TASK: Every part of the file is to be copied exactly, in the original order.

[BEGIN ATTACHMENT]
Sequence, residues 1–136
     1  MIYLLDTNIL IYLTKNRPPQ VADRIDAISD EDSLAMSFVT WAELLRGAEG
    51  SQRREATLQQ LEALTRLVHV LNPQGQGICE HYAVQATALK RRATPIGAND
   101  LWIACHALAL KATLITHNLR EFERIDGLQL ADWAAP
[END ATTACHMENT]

Sequence, residues 1–136
     1  MIYLLDTNIL IYLTKNRPPQ VADRIDAISD EDSLAMSFVT WAELLRGAEG
    51  SQRREATLQQ LEALTRLVHV LNPQGQGICE HYAVQATALK RRATPIGAND
   101  LWIACHALAL KATLITHNLR EFERIDGLQL ADWAAP